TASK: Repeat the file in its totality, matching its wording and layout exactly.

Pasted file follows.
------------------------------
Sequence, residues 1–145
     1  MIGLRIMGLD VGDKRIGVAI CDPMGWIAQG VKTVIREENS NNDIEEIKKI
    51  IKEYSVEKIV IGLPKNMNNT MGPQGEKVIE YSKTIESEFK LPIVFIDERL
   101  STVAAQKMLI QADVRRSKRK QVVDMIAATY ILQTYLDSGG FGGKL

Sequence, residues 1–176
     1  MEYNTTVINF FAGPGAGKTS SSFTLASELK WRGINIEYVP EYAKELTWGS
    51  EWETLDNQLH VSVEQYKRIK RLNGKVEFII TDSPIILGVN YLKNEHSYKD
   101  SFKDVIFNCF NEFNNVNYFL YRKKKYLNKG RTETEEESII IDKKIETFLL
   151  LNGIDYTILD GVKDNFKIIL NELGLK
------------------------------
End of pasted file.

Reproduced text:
Sequence, residues 1–145
     1  MIGLRIMGLD VGDKRIGVAI CDPMGWIAQG VKTVIREENS NNDIEEIKKI
    51  IKEYSVEKIV IGLPKNMNNT MGPQGEKVIE YSKTIESEFK LPIVFIDERL
   101  STVAAQKMLI QADVRRSKRK QVVDMIAATY ILQTYLDSGG FGGKL

Sequence, residues 1–176
     1  MEYNTTVINF FAGPGAGKTS SSFTLASELK WRGINIEYVP EYAKELTWGS
    51  EWETLDNQLH VSVEQYKRIK RLNGKVEFII TDSPIILGVN YLKNEHSYKD
   101  SFKDVIFNCF NEFNNVNYFL YRKKKYLNKG RTETEEESII IDKKIETFLL
   151  LNGIDYTILD GVKDNFKIIL NELGLK